Chelsea Prescod is the Country Director of WEConnect International in Canada. As an entrepreneur, she has focused her energies to create messages and stories capable of moving any audience. Chelsea recently held an Entrepreneur-in-Residence role for the Starter Company program at the Waterloo Region Small Business Centre. She has also held numerous creative and marketing management roles in Canadian corporations, startups and nonprofits, such as, Bell Canada, BlackBerry, and Credit Valley Hospital Foundation.
What is your experience of a glass ceiling?
I am a no-nonsense kind of woman and when I felt like I was being held back in my career, I moved on and cultivated leadership opportunities that allowed my spirit to flourish and grow. One of the reasons I became an entrepreneur was that I did not want anyone to limit my potential in terms of what I could achieve in life or my earning potential.
What advice do you have for others in business, particularly women?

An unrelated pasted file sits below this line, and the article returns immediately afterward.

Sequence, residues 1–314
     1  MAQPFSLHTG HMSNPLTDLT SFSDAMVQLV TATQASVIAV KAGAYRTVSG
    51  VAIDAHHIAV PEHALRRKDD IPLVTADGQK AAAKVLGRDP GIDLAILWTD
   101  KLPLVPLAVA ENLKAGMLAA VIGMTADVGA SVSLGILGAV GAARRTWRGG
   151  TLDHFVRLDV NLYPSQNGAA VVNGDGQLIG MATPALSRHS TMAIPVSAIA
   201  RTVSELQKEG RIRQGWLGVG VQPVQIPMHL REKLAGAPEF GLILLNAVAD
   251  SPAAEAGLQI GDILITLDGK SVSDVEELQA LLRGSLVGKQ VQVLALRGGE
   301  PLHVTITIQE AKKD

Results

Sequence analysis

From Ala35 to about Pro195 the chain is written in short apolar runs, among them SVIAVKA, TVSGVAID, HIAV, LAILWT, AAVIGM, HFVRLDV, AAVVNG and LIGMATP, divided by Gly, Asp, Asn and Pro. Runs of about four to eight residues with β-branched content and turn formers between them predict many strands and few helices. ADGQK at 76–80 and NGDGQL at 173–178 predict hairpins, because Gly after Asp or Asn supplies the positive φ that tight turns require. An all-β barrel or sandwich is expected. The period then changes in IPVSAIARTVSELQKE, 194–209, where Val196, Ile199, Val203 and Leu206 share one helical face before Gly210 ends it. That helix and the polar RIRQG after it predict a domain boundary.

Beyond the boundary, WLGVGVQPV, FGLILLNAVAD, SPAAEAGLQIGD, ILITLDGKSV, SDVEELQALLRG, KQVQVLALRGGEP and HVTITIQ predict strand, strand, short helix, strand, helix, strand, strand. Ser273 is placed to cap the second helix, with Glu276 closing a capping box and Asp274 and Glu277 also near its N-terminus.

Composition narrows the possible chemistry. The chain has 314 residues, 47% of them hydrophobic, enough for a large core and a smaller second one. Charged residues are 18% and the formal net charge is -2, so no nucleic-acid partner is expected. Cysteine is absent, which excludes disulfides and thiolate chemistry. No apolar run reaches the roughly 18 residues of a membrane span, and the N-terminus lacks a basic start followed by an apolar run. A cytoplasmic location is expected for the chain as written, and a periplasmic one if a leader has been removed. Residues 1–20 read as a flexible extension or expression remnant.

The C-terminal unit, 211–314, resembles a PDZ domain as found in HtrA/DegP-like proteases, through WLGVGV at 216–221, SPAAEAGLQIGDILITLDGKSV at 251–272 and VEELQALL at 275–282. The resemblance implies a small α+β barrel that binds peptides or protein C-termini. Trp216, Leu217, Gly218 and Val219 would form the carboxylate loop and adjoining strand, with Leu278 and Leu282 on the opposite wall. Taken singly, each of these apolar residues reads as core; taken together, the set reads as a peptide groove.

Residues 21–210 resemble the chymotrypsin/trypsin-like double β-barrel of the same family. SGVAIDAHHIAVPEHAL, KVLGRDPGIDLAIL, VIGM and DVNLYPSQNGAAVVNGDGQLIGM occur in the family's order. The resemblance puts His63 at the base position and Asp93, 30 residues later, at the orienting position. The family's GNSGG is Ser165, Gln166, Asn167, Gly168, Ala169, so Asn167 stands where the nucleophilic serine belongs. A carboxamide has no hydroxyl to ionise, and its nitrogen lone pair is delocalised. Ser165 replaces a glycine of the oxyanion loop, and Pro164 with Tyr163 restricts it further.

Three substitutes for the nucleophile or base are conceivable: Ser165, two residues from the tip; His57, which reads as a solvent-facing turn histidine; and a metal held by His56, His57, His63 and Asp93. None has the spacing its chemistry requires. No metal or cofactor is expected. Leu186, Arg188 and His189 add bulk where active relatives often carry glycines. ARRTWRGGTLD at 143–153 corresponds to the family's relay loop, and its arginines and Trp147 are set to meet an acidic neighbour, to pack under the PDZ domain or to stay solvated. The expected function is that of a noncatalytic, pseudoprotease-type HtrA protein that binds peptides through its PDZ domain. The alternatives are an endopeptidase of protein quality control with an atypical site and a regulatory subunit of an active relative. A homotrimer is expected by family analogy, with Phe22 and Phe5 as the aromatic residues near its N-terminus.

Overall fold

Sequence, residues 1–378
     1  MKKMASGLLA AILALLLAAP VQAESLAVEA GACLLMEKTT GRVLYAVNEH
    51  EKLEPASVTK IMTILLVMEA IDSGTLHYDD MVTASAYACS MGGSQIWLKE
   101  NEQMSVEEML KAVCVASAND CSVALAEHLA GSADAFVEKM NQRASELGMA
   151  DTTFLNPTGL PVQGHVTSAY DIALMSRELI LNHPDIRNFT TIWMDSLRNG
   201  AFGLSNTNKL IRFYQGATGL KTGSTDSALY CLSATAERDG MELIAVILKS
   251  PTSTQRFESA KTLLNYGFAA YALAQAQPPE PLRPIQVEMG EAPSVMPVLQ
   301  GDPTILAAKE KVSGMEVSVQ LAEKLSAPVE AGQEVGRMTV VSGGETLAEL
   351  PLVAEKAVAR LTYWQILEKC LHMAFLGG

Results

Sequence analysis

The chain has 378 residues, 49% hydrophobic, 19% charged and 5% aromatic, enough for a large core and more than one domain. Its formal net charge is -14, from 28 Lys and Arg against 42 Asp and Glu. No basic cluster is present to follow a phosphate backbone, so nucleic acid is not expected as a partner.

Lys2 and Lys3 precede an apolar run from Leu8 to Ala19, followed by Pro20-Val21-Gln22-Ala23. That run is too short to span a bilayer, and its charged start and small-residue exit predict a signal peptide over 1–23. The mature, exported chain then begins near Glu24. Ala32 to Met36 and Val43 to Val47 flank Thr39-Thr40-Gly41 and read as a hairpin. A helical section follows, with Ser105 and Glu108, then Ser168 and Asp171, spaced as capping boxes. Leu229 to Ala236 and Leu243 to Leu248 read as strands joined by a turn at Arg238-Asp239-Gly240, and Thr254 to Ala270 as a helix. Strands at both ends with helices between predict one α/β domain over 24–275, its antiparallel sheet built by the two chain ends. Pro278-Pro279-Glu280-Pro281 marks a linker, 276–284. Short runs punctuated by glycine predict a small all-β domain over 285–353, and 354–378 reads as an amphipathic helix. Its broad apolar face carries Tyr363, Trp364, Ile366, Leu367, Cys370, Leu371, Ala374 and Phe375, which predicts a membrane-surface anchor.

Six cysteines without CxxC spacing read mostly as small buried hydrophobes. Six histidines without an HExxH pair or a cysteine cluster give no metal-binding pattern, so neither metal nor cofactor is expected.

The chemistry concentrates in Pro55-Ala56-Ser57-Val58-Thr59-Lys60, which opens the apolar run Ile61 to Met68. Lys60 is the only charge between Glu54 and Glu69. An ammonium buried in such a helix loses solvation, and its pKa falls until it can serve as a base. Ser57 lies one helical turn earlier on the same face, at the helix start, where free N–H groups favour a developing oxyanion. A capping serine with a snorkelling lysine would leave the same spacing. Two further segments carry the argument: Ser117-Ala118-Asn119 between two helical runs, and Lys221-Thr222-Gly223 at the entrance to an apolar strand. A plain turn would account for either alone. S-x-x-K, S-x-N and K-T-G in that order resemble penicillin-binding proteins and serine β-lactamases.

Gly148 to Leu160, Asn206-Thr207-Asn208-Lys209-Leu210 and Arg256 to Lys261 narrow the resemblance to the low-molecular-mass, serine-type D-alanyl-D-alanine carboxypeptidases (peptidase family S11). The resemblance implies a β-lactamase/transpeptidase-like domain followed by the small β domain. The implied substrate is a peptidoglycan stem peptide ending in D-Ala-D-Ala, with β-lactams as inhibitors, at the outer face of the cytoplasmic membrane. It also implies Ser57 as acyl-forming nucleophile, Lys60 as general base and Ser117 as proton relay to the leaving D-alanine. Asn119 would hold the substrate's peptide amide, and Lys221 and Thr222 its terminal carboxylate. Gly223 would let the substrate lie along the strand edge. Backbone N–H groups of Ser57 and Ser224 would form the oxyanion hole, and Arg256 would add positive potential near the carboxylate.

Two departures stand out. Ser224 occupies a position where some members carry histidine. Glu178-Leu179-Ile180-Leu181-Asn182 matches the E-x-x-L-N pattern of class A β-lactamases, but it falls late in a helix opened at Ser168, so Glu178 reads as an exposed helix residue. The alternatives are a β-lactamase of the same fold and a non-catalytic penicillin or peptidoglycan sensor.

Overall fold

Your self-care is of paramount importance – do not neglect or defer it. Having worked in high pressured business environments, in order to stay sane, I had to create work-life balance habits. Here are five habits that I have implemented in my life that have made a significant difference:
1) Removing all technology from my bedroom
2) Daily meditation and self-reflection
3) My hour: I’ve carved out an hour a day for me to do whatever I want
4) Weekly spa day: once a week (for me it is Fridays), I have a mini spa day at home.
5) Connect with a friend: I make sure I see or speak with at least one friend a week and not talk about work.
There is more to life than just work. Figure out what works for you and what will help you get the work-life balance you crave.
What is your opinion on quotas and the gender pay gap?
If two people are doing the same job, they should get paid equally regardless of their gender, race or background. I can’t believe we still have to fight for equal pay when it is a human right. The companies that are not adhering to this should be met with harsh penalties.
Promotions and opportunities should be based on merit and not on quotas.
Are you aware of government certifications and schemes for women in business?
The Canada Business Network is a collaborative arrangement among federal departments and agencies, provincial and territorial governments and not-for-profit entities. They promote entrepreneurship and innovation, and provide assistance through an organized network of service centres across Canada. They have a great guide on programs, financing opportunities, support organizations and resources for women entrepreneurs.